Australian Oaks: Cuban in big smoke

HORSE RACING

In a week when NSW Premier Barry O'Farrell fell on his sword, you could forgive one of his cabinet ministers Stuart Ayres for finding a quiet corner away from the spotlight at Randwick on Saturday.

The Member for Penrith's chaotic week isn't going to slow down on the second day of The Championships, where he'll cheer on Cuban Star, the $201 rank outsider in the Australian Oaks he hand picked at the sales himself.

"I always feel at home at the racetrack," Ayres said. "All the different types of society will be there, but I'm sure Marise [Ayres' partner and senator Marise Payne, another part-owner] and I will find a bit of quiet time somewhere down at the stalls to have a chat to her and whisper in her ear. I'm sure she'll do us proud."

The sight of some of the world's richest businessman, racing royalty and even royalty itself at yearling sales is not uncommon, but a politician? And inspecting them himself?

"He [Ayres] found this horse at the sales and said to me, 'what about this Teofilo filly?' He'd already had a look at it before I had," Cuban Star's trainer Kerry Parker said.

"We walked around and probably looked at around 20 and out of them all we thought she was the best."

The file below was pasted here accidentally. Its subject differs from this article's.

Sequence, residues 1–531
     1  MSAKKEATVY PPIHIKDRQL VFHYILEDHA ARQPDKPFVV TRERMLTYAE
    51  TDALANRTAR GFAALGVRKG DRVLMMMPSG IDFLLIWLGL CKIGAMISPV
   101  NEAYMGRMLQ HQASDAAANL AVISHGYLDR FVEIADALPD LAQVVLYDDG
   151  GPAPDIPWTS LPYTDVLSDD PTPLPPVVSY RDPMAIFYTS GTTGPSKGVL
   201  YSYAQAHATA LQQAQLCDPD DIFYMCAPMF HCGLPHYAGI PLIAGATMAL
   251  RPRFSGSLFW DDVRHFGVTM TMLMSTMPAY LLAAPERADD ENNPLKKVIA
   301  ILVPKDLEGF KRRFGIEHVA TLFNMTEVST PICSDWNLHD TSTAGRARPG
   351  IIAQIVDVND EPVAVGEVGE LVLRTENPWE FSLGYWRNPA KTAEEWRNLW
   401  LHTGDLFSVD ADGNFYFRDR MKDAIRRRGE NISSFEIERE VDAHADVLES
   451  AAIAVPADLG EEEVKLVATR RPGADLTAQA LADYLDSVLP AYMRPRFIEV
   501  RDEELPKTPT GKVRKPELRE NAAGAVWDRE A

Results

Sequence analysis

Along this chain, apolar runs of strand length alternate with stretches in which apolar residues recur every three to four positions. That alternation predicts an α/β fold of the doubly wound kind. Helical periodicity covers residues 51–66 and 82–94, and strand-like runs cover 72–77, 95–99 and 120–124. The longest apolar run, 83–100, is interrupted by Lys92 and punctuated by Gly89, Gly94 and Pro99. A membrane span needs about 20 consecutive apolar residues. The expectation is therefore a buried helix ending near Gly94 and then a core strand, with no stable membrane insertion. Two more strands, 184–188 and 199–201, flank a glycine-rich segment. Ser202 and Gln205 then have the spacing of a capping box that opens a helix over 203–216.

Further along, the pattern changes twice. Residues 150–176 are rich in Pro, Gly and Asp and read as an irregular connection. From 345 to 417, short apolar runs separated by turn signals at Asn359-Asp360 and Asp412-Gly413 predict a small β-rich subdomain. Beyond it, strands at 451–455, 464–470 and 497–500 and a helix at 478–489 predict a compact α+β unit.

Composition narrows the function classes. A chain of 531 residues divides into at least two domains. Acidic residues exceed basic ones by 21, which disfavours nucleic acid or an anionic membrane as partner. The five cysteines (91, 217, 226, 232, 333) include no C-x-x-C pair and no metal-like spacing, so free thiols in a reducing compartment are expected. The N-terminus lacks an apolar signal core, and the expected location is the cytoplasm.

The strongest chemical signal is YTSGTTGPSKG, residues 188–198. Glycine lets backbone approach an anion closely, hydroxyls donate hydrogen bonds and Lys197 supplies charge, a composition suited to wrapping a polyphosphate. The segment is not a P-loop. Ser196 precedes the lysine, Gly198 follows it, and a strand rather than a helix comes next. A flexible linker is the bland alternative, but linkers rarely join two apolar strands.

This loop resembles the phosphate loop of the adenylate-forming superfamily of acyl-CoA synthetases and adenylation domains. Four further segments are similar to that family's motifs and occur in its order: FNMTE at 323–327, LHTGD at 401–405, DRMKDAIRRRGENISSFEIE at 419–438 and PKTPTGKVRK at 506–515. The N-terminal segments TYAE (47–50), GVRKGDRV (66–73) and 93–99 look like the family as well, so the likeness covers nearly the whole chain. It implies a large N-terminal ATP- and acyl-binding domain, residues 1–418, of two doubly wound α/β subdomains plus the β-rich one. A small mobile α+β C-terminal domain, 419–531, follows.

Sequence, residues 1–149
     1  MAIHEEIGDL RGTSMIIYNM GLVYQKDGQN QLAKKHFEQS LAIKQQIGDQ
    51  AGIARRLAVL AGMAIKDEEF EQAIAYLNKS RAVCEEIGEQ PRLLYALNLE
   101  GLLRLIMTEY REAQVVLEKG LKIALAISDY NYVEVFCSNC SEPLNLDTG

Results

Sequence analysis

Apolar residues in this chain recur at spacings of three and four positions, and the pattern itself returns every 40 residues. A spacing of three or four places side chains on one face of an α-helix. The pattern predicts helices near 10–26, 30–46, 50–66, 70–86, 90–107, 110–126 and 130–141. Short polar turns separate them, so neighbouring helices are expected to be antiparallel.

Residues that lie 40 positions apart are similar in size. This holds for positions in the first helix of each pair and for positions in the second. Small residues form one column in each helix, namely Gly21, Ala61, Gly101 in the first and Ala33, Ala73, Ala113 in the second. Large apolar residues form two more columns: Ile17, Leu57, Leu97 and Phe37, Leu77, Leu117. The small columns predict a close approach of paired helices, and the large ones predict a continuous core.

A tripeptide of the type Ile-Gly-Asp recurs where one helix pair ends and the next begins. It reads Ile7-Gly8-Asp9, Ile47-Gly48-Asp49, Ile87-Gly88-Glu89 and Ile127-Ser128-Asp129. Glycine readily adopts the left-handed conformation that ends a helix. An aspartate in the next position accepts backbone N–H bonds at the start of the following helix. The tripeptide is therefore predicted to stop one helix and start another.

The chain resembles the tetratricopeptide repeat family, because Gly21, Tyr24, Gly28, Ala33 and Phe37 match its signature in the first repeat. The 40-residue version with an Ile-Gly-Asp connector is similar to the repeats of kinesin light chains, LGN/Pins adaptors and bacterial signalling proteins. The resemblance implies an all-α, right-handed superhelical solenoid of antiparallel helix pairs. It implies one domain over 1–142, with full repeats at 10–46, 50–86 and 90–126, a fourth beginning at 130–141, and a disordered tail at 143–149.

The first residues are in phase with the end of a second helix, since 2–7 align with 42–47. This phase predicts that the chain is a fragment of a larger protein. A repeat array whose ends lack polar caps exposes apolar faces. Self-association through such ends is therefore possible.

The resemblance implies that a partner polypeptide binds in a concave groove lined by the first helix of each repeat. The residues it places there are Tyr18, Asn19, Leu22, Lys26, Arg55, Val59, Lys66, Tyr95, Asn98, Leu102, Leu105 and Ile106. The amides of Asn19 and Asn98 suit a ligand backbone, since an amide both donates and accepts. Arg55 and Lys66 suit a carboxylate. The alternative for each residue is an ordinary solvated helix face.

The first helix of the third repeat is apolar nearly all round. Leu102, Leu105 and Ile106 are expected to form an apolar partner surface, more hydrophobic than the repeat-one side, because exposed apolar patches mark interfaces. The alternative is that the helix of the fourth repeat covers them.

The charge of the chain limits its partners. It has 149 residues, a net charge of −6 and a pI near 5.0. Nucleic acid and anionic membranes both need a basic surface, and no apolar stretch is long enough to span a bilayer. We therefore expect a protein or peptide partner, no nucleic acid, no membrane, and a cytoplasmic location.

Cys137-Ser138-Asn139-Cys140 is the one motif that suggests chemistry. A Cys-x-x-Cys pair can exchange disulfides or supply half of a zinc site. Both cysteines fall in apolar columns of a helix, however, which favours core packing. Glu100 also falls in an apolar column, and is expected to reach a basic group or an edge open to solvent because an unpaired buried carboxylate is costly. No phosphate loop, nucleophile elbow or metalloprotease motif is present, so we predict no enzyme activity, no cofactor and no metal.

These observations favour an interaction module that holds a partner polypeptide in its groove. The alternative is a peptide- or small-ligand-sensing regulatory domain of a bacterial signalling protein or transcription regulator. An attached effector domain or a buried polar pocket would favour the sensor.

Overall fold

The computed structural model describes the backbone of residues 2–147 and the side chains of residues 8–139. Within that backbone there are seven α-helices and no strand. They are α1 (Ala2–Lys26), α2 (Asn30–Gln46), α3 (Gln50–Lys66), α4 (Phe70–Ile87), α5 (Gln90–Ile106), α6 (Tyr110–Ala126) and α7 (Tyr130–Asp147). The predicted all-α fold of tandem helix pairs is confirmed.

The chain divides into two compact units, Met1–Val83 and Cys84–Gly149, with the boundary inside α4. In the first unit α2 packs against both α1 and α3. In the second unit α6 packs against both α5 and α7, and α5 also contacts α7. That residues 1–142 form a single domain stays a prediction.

Ayres has raced gallopers with the Kembla Grange trainer, known for turning cheap buys into capable stayers, for almost a decade.

But their association came completely out of the blue when the rising star in political circles picked up the phone in search of a bush trainer to look after a horse for him and a couple of footy mates.

"Most of those guys fell away, but I stayed in and I've always liked it as [horses] have always been floating around the family," Ayres said.

"We found Kerry to be one of the good guys in racing. And he's turned a few dollars [from Nextanix] for a horse that didn't cost a lot of money."

Cuban Star didn't cost much either, knocked down to Parker and Ayres for $16,000.

They knew she wouldn't exactly be in high demand and was never going to an early-running two-year-old.

So they waited for her to mature and hatched a long range plan to reach the Oaks. And it's proven just the one win, a six-length romp in a low-key Nowra Class 1, has been enough to vault her into a $1 million Group 1 race.

"It's probably above her grade - there's no doubt about that," said Ayres, who was a driving force behind establishing the Fernhill picnic races in Sydney's west. "If you've got a three-year-old filly that can stay you've got to have a throw at the stumps.

"It's probably the biggest day in Sydney racing now so to have a runner on that day is pretty extraordinary. I'd hardly say she's a genuine winning chance, but there'll be a few horses in that last 400 that will be sucking in the big ones and she'll still be having those big, long lopey strides."

Parker's affinity with the Australian Oaks stretches back to 2012, when his former staying filly Aliyana Tilde finished a close second to Streama in the three-year-old classic.

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